Paying your way
02 April 2008
There is ample credit capacity in the market, demand for machines is outstripping supply and rental rates are stable. Then, just when you were beginning to get comfortable, the ‘credit crisis' raises its ugly head.
Memories of the access recession between 2001 and 2003 still linger and, fuelled by newspaper headlines about sub-prime mortgages and housing slowdowns, the industry could be forgiven for becoming a bit nervous. If you don't have a great pile of cash to pay for your next access order –and let's face it who does? – you will need to finance your purchase in another way and, because banks borrow from other banks, the cost of borrowing will increase.
Tony Mort is managing director of AJ Access Platforms Ltd, a UK company whose core business is buying and selling used and new access equipment and which also runs a rental business from three locations in the UK. He does not believe problems will be as bad as they were between 2001 and 2003, but has an underlying feeling that things will be tougher in 2008 than 2007. “The FTSE has already taken a bashing,” he says, “Interest rates in the UK are down a quarter point and confidence has been hit a little.”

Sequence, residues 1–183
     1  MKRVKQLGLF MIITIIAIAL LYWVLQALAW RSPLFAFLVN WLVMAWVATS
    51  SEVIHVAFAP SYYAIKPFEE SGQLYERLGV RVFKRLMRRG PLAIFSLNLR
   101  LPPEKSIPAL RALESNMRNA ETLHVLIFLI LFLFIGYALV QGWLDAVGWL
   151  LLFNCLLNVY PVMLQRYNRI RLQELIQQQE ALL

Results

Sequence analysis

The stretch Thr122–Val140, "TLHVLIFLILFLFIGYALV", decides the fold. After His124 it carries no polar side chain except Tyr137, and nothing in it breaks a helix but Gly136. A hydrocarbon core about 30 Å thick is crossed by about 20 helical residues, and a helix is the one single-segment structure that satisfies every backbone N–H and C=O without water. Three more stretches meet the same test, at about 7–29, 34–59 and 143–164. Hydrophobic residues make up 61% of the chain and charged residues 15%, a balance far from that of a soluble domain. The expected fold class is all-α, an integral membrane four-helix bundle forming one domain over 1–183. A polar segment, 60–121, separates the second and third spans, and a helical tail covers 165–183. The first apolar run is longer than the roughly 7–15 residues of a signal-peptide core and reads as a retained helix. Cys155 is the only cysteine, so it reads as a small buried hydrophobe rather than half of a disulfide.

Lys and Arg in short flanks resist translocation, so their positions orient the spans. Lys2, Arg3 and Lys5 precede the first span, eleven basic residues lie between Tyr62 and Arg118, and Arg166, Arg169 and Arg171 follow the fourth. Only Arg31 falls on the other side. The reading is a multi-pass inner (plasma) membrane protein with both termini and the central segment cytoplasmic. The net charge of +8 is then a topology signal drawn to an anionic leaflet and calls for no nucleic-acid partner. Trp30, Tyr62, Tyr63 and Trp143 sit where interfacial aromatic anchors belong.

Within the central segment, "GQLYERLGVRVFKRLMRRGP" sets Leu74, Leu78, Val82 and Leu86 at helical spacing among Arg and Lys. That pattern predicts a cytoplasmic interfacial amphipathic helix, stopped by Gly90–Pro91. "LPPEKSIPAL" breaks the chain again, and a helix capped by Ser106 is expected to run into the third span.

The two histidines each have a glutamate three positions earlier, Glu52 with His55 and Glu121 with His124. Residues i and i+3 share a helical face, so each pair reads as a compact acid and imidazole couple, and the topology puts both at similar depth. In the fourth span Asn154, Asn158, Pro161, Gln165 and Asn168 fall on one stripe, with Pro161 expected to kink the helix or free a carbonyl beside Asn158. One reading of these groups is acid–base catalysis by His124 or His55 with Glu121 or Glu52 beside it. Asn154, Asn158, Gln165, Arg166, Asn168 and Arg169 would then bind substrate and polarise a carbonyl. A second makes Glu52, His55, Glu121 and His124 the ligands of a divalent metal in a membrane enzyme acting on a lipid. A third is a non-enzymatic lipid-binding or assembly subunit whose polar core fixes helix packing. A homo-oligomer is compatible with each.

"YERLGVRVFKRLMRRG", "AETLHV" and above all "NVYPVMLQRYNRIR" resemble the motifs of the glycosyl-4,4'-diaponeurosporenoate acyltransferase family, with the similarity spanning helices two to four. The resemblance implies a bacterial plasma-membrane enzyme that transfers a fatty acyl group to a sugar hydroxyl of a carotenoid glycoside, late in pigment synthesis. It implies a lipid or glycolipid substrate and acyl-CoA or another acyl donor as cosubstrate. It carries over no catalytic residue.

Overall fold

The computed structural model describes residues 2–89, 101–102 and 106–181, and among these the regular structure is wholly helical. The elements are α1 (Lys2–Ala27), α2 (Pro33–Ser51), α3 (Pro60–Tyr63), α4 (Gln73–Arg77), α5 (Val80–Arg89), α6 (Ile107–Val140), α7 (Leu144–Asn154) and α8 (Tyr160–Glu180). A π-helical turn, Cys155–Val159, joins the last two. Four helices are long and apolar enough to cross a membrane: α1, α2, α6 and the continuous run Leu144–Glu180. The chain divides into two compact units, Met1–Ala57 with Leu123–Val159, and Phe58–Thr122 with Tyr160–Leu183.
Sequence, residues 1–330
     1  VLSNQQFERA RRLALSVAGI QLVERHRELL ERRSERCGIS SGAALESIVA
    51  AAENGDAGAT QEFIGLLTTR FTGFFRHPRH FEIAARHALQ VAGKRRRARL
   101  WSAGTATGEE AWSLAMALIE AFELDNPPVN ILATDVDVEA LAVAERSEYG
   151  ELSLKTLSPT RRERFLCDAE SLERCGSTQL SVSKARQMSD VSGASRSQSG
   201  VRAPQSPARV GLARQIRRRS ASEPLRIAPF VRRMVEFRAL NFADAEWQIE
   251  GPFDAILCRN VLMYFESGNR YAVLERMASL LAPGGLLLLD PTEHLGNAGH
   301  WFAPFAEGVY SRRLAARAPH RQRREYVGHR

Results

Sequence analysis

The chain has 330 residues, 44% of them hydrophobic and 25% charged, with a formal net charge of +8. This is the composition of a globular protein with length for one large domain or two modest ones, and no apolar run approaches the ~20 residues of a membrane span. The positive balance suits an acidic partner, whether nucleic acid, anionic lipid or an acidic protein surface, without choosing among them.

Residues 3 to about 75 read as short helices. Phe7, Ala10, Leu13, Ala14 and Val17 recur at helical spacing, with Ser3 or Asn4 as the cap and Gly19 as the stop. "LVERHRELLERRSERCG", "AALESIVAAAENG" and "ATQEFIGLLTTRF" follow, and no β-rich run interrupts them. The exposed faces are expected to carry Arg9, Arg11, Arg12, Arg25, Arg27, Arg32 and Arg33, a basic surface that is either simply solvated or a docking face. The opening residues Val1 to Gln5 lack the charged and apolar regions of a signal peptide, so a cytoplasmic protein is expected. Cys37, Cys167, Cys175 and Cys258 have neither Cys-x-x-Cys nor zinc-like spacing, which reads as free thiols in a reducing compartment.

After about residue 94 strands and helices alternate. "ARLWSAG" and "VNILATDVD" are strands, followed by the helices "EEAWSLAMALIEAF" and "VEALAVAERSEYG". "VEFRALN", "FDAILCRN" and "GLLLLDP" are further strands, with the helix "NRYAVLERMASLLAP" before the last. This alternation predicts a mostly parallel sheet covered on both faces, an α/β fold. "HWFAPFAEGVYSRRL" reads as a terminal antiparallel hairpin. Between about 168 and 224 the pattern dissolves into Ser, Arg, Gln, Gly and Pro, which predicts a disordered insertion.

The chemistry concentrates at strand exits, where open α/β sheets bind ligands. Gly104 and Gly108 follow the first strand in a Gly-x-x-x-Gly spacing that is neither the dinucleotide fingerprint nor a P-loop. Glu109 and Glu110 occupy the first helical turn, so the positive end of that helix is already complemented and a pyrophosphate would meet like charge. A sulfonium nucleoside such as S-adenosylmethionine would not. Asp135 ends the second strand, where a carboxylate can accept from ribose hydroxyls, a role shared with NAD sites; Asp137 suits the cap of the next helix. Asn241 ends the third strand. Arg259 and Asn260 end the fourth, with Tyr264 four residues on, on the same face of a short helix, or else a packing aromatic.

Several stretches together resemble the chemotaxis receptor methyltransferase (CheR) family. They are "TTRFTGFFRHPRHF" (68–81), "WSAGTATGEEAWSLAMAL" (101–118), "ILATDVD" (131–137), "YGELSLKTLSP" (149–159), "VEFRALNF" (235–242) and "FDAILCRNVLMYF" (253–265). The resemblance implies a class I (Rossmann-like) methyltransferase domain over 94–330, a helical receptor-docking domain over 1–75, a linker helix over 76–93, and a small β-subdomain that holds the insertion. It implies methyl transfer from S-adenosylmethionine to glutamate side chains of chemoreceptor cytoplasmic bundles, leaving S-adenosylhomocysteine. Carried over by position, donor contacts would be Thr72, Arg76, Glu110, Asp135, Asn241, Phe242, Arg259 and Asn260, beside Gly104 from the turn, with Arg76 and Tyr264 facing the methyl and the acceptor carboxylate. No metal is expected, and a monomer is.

But is the increased cost of borrowing going to be enough to send the market into a downward spiral? Alexandre Saubot chief operating officer at Haulotte Group does not believe so, “Companies are in better condition today than they were in 2001; many rental companies have consolidated their business. The weakest players have been absorbed and bought out and the market cleaned up. It is now in a much stronger position.”
Bruce Williams, managing director of Financial Services EAME JLG, agrees, “I would say the dynamics of the current market are very different to those of the most recent cyclical downturn in Europe. European markets have seen a sustained period of stability and growth and business performance. Many JLG customers have put in strong results in the last few years and many have senior management in place that has successfully weathered these cycles before, so should be best placed to deal with any opportunities and challenges that lie ahead.”
One senior figure involved in access finance – who preferred to speak unattributed – told AI that there was speculation in the market that the credit crisis will lead to some rental company failures. He doubted this would be the case because several factors combine to make the market a very different beast from what it was earlier this decade.